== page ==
Twitter shares hit all-time low as slide continues

Twitter shares plunged to an all-time low on Tuesday, an indication that Wall Street remains queasy about the microblogging site’s struggling performance and gloomy prospects.

The social network’s shares tumbled to $13.90 a share Tuesday. That was 46.5 percent below the company’s stock price of $26 a share for its initial public offering in November 2013.

The weak performance for Twitter shares has been going on for some time. In August 2015, Twitter’s stock fell below the IPO price for the first time. The downhill trend has continued since then and even intensified.

Matters worsened last week, when Twitter released its first-quarter results. Twitter posted revenue that was well below expectations, offered a feeble outlook for the second quarter, and disclosed that brand marketers weren’t spending as much on advertising.

Despite those brutal disclosures, Jack Dorsey, Twitter’s chief executive officer, emphasized the positive for the social network during a conference call with analysts.

“We made a lot of progress on product innovation this quarter, particularly with live video and our refined timeline and people love it,” Dorsey told the analysts during the call. “We remain focused on improving our service to make it fast, simple and easy to use.”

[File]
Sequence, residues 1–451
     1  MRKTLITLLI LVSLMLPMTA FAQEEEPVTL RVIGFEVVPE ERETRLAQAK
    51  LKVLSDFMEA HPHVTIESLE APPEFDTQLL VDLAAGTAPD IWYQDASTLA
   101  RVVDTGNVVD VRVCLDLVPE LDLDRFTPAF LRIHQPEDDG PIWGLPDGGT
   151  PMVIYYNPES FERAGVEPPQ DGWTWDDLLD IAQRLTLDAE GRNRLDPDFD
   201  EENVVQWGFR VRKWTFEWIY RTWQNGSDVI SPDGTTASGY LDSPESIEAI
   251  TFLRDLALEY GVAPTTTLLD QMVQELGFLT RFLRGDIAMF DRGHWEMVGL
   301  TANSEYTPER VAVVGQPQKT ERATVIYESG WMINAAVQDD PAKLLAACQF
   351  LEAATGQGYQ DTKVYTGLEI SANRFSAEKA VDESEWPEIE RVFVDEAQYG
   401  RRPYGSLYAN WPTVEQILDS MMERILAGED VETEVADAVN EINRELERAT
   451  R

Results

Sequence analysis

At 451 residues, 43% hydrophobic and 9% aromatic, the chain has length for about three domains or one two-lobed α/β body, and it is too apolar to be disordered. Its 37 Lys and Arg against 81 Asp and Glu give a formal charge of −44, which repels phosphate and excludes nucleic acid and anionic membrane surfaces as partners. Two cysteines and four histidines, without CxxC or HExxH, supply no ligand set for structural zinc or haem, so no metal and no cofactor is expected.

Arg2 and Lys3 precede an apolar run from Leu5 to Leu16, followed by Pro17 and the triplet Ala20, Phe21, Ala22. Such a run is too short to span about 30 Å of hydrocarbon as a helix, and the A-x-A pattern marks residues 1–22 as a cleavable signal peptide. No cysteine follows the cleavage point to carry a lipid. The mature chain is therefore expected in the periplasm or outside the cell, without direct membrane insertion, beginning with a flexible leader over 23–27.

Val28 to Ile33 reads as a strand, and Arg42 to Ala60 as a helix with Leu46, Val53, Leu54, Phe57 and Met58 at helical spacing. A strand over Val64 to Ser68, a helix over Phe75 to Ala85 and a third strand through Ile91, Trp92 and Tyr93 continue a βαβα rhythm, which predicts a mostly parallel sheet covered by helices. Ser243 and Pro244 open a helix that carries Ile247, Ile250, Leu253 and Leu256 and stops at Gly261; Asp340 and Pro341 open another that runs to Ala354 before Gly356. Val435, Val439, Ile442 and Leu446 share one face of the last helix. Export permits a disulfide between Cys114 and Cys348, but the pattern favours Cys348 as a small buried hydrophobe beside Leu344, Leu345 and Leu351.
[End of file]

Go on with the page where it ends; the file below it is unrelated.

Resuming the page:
San Francisco-based Twitter reported quarterly revenue of $595 million, which was a 36 percent jump from the year-before first quarter. Analysts, though, were looking more for $608 million in revenue.

Revenue guidance was a mile below what Wall Street was expecting. Twitter predicted revenue would range from $590 million to $610 million, which was well under the $677.6 million figure guessed by analysts.

Even worse, the guidance for the second quarter suggests that the pace of revenue growth would be hobbled.

If Twitter manages $600 million in revenue, that would amount to a 19.5 percent increase in revenue growth, roughly half the increase for the first quarter.

Twitter recently struck a deal with the National Football League for the rights to live stream 10 NFL games on Thursday nights during the upcoming 2016 season.

That agreement could lead to more deals for Twitter.

“As soon as we announced that deal, almost every league in the world contacted us, because they want to provide an even better experience for their fans,” Dorsey said.


Photo: The Twitter building is photographed Dec. 14, 2015, in San Francisco, Calif. (Karl Mondon/Bay Area News Group)


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